Grand sub-Antarctic designs

How do you design a group of buildings that can withstand the wild Southern Ocean weather and three-tonne elephant seals on the doorstep, while accommodating the needs of a diverse, self-sufficient community, living and working far from home and conducting globally significant science?

This is the challenge facing the Australian Antarctic Division’s Macquarie Island Modernisation Project team, as they embark on the design of a new Macquarie Island research station.

The project is part of the government’s Australian Antarctic Strategy and 20 Year Action Plan, and includes the renewal of the island’s network of field huts and decommissioning of the existing 70 year-old station.

While the four-person project team is well qualified for the job — with experience in engineering, architecture and trades — they’re not doing it alone.

As well as Australian Antarctic Division staff, key personnel at the Australian Bureau of Meteorology, Geoscience Australia, the Australian Radiation Protection and Nuclear Safety Agency, and the Tasmanian Parks and Wildlife Service, have also fed their requirements into a ‘functional design brief’.

Station Infrastructure project officers, Travis Thom and Alison McKenzie, said the brief considers all the design requirements and constraints, such as legislation, building codes, maintenance, the function of each building, current and future scientific and operational needs, and the station’s environmental impact.

“The functional design brief is a guide to what we want to achieve from an end-user perspective, and sets out the requirements and constraints that could have design implications,” Ms McKenzie said.

“The primary function of the station is to provide living and working facilities for a self-sufficient community for the next 50 years, and support scientific and long-term monitoring programs.”

The brief is also the principle document for the Managing Contractor, VEC Civil Engineering Pty Ltd, appointed in July, to complete the design and construction, with assistance from the project team.

Among the design principles enshrined in the brief are maintaining year-round operations, minimising operational and maintenance costs, balancing station function and environmental impacts, and creating a sense of community. Common to all of these principles is a smaller station.

“One of our main goals is to reduce the number of buildings from 48 to between 15 and 20,” Mr Thom said.

“A smaller station will be more efficient and have less impact on the island.”

The station will be self-sufficient in its water, power and waste management needs, with adaptable and flexible buildings to accommodate scientific activities and population fluctuations. It will also be resilient to future environmental and climate impacts through the siting of the main station buildings more than 50 metres from the coast and at an elevation of at least 6.5 metres above sea level.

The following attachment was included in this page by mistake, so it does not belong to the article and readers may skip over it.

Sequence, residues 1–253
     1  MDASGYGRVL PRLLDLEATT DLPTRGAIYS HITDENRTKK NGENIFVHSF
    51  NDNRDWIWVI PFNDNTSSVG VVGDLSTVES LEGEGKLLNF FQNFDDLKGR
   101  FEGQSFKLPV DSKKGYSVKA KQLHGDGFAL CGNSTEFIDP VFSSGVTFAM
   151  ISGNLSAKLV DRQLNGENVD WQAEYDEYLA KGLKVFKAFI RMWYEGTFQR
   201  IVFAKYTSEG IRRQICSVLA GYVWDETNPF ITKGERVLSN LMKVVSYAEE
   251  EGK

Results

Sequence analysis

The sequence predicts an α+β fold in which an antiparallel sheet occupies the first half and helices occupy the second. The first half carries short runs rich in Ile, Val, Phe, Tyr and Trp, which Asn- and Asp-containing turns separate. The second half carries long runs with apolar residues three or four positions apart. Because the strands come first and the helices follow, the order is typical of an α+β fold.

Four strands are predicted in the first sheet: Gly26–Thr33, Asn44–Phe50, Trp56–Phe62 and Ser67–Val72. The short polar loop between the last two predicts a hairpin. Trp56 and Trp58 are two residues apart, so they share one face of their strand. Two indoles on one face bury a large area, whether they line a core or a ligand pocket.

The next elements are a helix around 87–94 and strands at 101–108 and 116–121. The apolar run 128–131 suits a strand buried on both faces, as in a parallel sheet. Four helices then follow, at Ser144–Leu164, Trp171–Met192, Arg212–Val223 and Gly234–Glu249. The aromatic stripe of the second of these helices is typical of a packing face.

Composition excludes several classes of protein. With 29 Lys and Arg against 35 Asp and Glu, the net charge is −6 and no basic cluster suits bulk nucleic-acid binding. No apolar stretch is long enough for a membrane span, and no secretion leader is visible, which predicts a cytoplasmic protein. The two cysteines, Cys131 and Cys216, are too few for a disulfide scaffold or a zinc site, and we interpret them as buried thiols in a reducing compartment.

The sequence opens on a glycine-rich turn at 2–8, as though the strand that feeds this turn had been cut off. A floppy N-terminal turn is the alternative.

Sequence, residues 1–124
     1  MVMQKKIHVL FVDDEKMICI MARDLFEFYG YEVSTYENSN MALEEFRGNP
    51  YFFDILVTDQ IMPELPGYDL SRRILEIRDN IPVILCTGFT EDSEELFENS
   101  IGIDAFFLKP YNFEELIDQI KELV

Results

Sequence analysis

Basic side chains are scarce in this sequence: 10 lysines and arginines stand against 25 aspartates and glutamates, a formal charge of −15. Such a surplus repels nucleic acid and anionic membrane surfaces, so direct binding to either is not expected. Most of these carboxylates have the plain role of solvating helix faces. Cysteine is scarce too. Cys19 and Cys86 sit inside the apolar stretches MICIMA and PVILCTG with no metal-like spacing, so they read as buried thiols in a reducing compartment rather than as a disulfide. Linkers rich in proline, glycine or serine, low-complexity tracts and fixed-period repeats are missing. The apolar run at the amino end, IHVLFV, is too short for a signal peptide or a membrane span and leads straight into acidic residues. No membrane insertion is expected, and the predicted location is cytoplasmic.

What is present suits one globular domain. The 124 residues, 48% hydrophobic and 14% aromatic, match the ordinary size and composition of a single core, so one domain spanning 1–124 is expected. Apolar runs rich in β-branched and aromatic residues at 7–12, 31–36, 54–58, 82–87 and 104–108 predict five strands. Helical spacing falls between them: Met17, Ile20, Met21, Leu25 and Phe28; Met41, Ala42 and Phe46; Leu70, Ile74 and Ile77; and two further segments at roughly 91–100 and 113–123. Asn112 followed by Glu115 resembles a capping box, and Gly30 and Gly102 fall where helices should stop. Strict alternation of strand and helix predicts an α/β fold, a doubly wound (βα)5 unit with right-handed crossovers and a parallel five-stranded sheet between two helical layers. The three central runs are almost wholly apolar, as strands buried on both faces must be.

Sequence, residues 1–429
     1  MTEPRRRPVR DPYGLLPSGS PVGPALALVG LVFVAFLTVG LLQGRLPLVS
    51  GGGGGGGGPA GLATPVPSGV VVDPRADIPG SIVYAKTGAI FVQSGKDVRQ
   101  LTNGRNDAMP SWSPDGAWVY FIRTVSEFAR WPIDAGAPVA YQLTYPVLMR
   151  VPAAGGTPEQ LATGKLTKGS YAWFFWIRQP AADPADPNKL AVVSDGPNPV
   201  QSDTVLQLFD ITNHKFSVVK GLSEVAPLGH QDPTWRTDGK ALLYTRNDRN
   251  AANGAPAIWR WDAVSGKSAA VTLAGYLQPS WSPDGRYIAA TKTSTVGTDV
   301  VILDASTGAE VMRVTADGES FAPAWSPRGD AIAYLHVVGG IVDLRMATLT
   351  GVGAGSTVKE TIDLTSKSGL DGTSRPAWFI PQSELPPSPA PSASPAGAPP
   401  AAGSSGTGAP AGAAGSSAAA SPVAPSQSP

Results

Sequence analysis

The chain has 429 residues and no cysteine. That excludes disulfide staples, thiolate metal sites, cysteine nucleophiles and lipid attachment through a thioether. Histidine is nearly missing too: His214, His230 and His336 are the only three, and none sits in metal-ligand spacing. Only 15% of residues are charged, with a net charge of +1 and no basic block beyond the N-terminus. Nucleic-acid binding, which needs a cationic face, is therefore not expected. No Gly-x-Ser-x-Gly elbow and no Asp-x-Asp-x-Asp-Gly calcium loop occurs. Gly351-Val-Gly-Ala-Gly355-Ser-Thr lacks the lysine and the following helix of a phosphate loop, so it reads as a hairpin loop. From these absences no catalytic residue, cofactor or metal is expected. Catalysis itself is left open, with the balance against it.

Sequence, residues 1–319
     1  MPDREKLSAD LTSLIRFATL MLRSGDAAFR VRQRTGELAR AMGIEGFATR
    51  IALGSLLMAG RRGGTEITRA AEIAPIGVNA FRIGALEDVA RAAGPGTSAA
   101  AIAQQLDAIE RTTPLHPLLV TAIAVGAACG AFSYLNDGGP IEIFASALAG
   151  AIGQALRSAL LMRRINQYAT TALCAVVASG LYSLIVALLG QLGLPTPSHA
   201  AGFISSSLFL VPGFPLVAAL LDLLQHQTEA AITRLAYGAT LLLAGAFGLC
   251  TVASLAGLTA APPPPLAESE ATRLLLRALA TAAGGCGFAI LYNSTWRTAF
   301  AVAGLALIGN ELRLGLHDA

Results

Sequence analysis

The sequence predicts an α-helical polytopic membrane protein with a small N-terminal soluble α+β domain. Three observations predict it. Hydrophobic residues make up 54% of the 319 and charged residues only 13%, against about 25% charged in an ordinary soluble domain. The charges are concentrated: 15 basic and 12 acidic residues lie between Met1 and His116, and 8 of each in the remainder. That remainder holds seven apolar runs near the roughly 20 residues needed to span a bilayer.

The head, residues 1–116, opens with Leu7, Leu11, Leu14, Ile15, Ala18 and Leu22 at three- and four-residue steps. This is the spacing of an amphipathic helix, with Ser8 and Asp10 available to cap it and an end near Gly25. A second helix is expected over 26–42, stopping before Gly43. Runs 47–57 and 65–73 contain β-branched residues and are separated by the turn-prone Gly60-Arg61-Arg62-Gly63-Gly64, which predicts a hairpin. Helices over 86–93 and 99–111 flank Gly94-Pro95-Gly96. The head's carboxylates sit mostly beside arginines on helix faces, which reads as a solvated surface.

To minimise operational and maintenance costs, the team will use thermally efficient building materials, energy saving technologies and modern construction techniques.

“We will also use systems and materials that require limited specialist training to operate, maintain and to repair if damaged,” Mr Thom added.

To help balance the functional needs of the station with its environmental impact, buildings with complimentary functions will be clustered together to keep the footprint small, allow efficient movement around the site, and provide spaces for resupply operations, recreation, revegetation and wildlife.

Fenced-off building clusters, with wildlife corridors between, will also help protect the station, people and wildlife (especially elephant seals), from each other.

Macquarie Island Executive Officer Mr Noel Carmichael, of the Tasmania Parks and Wildlife Service, said that during the breeding season, the beaches on either side of the isthmus, where much of the current station sits, are occupied by the largest concentrations of elephant seals in the reserve.

“The size and natural behaviour of elephant seals means they can damage buildings and services they may come in contact with,” he said.

“Elephant seals can also be noisy and smelly, so you don’t want them lying outside living quarters.”

In March 2018 the project team took sketches of potential master planning options to the island, to gather feedback from expeditioners and better understand the environment and station operations.

The sketches were developed based on the functional design brief and two seasons of investigations along the length of the island, into wind effects, ground conditions, coastal processes, and the potential risk of rising seas and increasing storm surge frequency.

Antarctic Division staff at Kingston and at the station reviewed the sketches, teasing out design and operational issues, including how the station operations will transition from the old station to the new one.

Based on this work, in June a Selection Committee approved a site for the new station, just south of the existing station and using part of its current footprint (see map).

The site avoids intensive wildlife congregations, nesting areas and heritage artefacts related to the island’s sealing days, as well as the swampy ground that exists further south. It’s also outside the storm surge area on the isthmus and has good access for construction.

VEC Civil Engineering will now use the functional design brief, master plan, and a 360 degree virtual tour within and around the current station buildings (see related story) to progress the next phase of design.

The new station is expected to be complete in 2022.

Wendy Pyper
Australian Antarctic Division

Watch a video about the station’s design